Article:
The Klondike Fever: The Life and Death of the Last Great Gold Rush

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Basic Books, Dec 1, 2003 - History - 457 pages
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In 1897 a grimy steamer docked in Seattle and set into epic motion the incredible succession of events that Pierre Berton's exhilarating The Klondike Fever chronicles in all its splendid and astonishing folly. For the steamer Portland bore two tons of pure Klondike gold. And immediately, the stampede north to Alaska began. Easily as many as 100,000 adventurers, dreamers, and would-be miners from all over the world struck out for the remote, isolated gold fields in the Klondike Valley, most of them in total ignorance of the long, harsh Alaskan winters and the territory's indomitable terrain. Less than a third of that number would complete the enormously arduous mountain journey to their destination. Some would strike gold. Berton's story belongs less to the few who would make their fortunes than to the many swept up in the gold mania, to often unfortunate effects and tragic ends. It is a story of cold skies and avalanches, of con men and gamblers and dance hall girls, of sunken ships, of suicides, of dead horses and desperate men, of grizzly old miners and millionaires, of the land -- its exploitation and revenge. It is a story of the human capacity to dream, and to endure.

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The Klondike fever: the life and death of the last great gold rush

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Berton's 1958 title chronicles the madness of the 19th-century's Klondike gold rush. Roughly 100,000 hopefuls set off in search of riches, but fewer than a third reached their destination, with a tiny fraction of those actually finding the wealth they sought. ... Read full review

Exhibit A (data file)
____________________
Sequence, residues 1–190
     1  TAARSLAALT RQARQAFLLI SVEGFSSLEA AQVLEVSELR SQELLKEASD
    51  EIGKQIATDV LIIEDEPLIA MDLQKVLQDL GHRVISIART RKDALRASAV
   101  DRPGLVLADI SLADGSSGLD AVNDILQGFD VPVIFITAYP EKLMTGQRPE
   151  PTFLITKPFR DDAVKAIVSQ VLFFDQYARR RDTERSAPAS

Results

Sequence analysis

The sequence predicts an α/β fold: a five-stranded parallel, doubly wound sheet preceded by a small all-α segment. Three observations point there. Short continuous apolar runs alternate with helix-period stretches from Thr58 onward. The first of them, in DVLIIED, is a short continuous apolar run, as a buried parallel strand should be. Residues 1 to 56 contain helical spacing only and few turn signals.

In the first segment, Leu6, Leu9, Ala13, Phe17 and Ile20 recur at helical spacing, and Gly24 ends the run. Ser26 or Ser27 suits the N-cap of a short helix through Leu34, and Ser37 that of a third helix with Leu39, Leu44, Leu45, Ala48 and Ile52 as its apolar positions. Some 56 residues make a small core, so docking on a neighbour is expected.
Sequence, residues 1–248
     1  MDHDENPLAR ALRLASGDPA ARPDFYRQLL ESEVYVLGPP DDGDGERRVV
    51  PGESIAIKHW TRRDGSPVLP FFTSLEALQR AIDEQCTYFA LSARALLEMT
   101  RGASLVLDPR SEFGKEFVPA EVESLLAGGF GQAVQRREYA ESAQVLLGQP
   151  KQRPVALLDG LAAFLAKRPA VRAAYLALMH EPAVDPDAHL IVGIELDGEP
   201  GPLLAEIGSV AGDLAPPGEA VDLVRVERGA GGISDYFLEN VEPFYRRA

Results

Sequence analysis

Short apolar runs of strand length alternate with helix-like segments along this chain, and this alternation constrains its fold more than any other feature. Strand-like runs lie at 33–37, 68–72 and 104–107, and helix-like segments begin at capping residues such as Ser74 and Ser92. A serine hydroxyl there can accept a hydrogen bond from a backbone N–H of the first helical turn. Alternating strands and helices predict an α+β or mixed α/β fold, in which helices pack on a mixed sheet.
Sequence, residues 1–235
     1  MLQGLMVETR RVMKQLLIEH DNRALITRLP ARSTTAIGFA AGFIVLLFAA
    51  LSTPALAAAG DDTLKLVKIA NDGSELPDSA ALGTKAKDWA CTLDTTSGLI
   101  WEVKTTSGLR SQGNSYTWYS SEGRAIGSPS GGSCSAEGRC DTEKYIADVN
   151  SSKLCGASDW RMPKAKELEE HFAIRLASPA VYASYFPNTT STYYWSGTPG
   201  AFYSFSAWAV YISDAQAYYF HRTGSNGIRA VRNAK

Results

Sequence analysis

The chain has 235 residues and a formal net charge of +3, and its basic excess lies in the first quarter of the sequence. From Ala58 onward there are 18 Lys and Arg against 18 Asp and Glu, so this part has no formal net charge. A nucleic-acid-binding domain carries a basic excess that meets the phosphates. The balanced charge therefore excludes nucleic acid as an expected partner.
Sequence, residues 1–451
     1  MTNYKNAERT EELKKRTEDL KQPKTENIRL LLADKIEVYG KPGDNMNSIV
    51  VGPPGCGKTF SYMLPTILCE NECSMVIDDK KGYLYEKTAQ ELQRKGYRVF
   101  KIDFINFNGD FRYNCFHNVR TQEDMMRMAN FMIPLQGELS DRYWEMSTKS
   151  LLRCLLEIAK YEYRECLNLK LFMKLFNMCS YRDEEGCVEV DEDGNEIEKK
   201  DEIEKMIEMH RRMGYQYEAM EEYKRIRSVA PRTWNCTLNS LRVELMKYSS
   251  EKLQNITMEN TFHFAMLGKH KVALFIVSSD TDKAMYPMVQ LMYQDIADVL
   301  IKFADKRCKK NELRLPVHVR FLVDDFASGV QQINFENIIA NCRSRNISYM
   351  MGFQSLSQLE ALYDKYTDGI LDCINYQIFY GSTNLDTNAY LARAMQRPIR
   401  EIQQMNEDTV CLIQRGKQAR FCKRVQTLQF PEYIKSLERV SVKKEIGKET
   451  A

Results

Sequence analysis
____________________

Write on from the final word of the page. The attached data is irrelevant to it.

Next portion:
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About the author (2003)

Pierre Berton was born in 1920 and raised in the Yukon. He worked in Klondike mining camps during his university years, spending four years in the army, rising from private to captain/instructor at the Royal Military College in Kingston. After the military, Berton went to Vancouver where he began his career at a newspaper. At 21, he was the youngest city editor on any Canadian daily. He moved to Toronto in 1947, and at the age of 31 was named managing editor of Maclean's. In 1957 he became a key member of the CBC's public affairs flagship program, Close-Up, and a permanent panelist on Front Page Challenge. He joined The Toronto Star as an associate editor and columnist in 1958, leaving 4 years later in '62 to commence The Pierre Berton Show, which ran until 1973. Since then he has appeared as host and writer on My Country, The Great Debate, Heritage Theatre, and The Secret of My Success. He has received numerous honourary degrees and served as the Chancellor of Yukon College. Berton is also a Companion of the Order of Canada, and has received a Stephen Leacock Medal for Humor in 1959, a Govenor's General Award for The Mysterious North in 1956, Klondike in 1958 and The Last Spike in 1972. Berton has also won a Nellie Award for best public broadcaster in radio in 1978, the Canadian Authors Association Literary Award for non fiction in, 1981 and the Canadian Booksellers Award in 1982.

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